NEW ORLEANS — The city known more for French Quarter trash than recycling or renewable energy is going green. In rebuilding since Hurricane Katrina, homes are being fitted with solar panels, organic farming is catching on and the city's got a new fleet of hybrid buses.
On the flanks of those buses, a catch phrase _ Cleaner, Smarter _ could be the anthem for the movement by institutions and individuals to slowly turn the city's environmentally-unfriendly image around.
Maybe the filthy water that flooded 80 percent of the city after the catastrophe in August 2005 made residents rethink the way to rebuild. Or maybe it's the tax credits or energy price spikes. Whatever the reason, the hurricane created a testing ground for ideas and initiatives.
Before Katrina, government officials rarely talked about renewable energy or "green building." Solar technology powered little more than parking meters. Environmentalists were shut out of Louisiana politics for decades.
Now, they see a watershed era taking shape.
For example, in the Lower 9th Ward, hit particularly hard by Katrina, some 20 energy-saving homes are using solar panels.
"I never knew nothing about solar panels until after the storm," said Mable Howard, an 80-year-old doll maker whose five-room home was flooded. The solar panels were donated and installed for free, and her electric bill has been cut at least in half during some months.
There is also renewed focus on restoring habitats that protected New Orleans from storm surge before the destruction of wetlands by the oil industry, timber companies and levee construction. Near the Lower 9th, for example, there are plans to plant hundreds of bald cypress in a bayou to help restore wetlands.
Urban organic farming also has gained momentum, new bicycle lanes are being planned and even the French Quarter is spiffier, thanks to an aggressive cleaning effort.
The greening could gain greater footing under President Barack Obama, who recently named Lower 9th Ward native Linda Jackson to head the Environmental Protection Agency.
Still, a distaste for environmentalism is reflected in the Louisiana congressional delegation. Even most Democrats are perennial bottom-feeders on a measure of pro-environment voting in Congress by the League of Conservation Voters.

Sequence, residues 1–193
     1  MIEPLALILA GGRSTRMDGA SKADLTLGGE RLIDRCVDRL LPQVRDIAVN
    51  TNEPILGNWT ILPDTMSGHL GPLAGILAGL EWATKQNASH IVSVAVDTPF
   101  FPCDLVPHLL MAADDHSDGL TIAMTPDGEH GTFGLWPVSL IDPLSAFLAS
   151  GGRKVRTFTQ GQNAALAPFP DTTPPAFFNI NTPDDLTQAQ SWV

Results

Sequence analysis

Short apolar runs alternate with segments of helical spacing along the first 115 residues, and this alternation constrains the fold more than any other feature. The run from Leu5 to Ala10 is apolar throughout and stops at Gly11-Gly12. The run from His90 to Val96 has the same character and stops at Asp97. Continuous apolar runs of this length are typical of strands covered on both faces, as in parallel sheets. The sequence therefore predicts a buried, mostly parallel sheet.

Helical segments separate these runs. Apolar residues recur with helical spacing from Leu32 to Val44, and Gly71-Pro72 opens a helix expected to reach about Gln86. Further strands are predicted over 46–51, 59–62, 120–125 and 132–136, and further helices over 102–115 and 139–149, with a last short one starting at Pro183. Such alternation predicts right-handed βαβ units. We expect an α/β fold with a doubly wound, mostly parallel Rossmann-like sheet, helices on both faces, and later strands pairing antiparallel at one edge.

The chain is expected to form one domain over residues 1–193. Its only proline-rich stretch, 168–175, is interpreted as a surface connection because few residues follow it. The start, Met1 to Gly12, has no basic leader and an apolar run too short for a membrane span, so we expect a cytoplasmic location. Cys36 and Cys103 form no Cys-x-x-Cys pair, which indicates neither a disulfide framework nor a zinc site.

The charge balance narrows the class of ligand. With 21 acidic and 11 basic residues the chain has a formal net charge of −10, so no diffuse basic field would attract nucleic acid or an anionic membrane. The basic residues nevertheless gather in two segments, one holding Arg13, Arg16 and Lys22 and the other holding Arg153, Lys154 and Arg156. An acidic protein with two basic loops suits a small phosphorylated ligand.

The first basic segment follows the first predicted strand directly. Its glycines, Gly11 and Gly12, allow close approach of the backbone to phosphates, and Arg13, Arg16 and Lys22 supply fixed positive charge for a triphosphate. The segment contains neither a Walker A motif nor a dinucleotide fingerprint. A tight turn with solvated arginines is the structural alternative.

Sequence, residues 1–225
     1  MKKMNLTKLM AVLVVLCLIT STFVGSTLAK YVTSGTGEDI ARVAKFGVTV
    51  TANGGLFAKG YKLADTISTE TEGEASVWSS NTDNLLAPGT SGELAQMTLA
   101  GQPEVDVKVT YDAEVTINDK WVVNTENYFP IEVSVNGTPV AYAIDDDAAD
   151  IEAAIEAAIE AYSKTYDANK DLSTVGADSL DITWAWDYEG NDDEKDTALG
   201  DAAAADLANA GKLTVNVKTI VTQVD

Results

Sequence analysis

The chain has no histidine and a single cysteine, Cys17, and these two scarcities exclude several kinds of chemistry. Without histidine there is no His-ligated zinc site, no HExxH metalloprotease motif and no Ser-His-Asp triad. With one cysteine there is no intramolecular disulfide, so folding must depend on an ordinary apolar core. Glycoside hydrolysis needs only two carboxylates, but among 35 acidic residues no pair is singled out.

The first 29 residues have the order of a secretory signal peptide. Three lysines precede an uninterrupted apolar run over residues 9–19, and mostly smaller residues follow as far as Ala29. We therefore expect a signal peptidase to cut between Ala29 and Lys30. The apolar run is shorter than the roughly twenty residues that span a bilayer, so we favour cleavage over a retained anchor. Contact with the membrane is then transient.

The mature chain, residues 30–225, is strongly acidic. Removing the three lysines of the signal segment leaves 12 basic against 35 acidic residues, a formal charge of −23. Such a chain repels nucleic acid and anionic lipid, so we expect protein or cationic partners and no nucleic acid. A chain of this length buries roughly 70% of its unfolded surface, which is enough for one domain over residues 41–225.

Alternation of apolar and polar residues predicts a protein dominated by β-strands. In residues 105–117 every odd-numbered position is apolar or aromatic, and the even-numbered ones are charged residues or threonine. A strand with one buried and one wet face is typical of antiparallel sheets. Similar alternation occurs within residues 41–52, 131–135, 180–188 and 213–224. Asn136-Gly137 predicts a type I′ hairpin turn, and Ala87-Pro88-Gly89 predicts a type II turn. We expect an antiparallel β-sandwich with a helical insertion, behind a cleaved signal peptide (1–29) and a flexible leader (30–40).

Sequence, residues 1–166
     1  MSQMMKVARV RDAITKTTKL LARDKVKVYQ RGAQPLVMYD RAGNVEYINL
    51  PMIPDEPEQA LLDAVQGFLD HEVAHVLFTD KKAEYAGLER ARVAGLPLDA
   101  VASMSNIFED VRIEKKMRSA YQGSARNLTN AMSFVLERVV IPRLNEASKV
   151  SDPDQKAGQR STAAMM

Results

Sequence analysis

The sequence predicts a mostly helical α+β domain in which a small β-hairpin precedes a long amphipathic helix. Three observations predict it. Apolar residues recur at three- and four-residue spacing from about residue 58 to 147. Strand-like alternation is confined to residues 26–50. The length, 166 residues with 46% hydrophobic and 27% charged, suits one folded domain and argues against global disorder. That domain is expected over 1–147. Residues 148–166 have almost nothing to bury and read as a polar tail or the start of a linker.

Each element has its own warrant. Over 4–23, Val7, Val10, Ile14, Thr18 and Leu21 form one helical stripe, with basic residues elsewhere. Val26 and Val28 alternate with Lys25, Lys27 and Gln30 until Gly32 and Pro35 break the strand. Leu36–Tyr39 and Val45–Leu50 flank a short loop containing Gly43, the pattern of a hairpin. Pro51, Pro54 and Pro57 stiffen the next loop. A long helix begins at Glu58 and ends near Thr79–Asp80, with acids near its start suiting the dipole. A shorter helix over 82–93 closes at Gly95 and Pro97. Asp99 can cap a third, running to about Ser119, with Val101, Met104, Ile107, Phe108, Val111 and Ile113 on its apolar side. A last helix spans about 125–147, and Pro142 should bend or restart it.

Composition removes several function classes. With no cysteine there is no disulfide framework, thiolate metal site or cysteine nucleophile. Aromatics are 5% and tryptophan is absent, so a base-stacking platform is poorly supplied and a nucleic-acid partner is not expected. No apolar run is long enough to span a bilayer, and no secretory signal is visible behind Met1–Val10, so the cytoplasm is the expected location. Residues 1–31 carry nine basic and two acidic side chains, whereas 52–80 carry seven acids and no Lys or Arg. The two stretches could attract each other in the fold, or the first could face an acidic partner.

"It takes a very brave person to get your head above the wall here," said Oliver Houck, a Tulane University law professor and environmental advocate.
For decades, Louisiana's state budget has been dependent on oil revenue. But some policymakers and investors say a more open attitude could have a big payoff. The state, they say, is rich in water, wind and sunshine _ just the stuff for emerging cap-and-trade energy markets, which are aimed at reducing carbon emissions.
Under a cap-and-trade program, utilities that exceed the cap for emissions must either make pollution reductions or buy additional allowances. Those who cut emissions below the cap would be able to sell allowances.
"Louisiana could be a very large source for carbon credits," said Jon Guidroz, director of project development for Free Flow Power Corp. The Massachusetts company is in talks with the Federal Energy Regulatory Commission about harnessing power from the Ohio and Mississippi rivers with turbines.
Last year, the New Orleans City Council approved an energy-efficiency program to improve 2,800 properties a year by installing insulation, weather stripping and compact fluorescent light bulbs. The new 39 hybrid buses _ operating on a blend of biodiesel, gasoline and electric power _ were obtained with a $15 million federal grant.
In 2007, New Orleans became one of about two dozen cities nationwide to be named a "Solar American City" by the U.S. Energy Department, which gave the city a $450,000 grant to establish solar programs.
And there's an opportunity to train builders, too. A 2,-000-square-foot BuildSmart Learning Center that includes a replica of an energy-efficient home, offers free workshops to teach "green building." The center also has a showroom of gadgets like dual-flush toilets and low-flow shower-heads.
New state and federal tax credits are driving a niche solar technology market.
"We're up to 15 employees now," said C. Tucker Crawford, a salesman at South Coast Solar, a company that had three employees a year ago.
The business installs solar thermal, solar pool heating and solar panels in New Orleans. Crawford credits the boom in business to tax breaks, which allow a homeowner to spend as little as $5,000 for about $25,000 worth of solar technology.
"We're a little behind the curve," said city energy manager John McGowin, whose office was set up after Katrina with a Clinton Foundation grant to promote solar and hydropower use. "But we're catching up."
On the Net:
New Orleans Regional Transit Authority: http://www.norta.com/
Department of Energy's "Solar America Cities": http://www.solaramericacities.energy.gov/
South Coast Solar: http://www.southcoastsolar.com/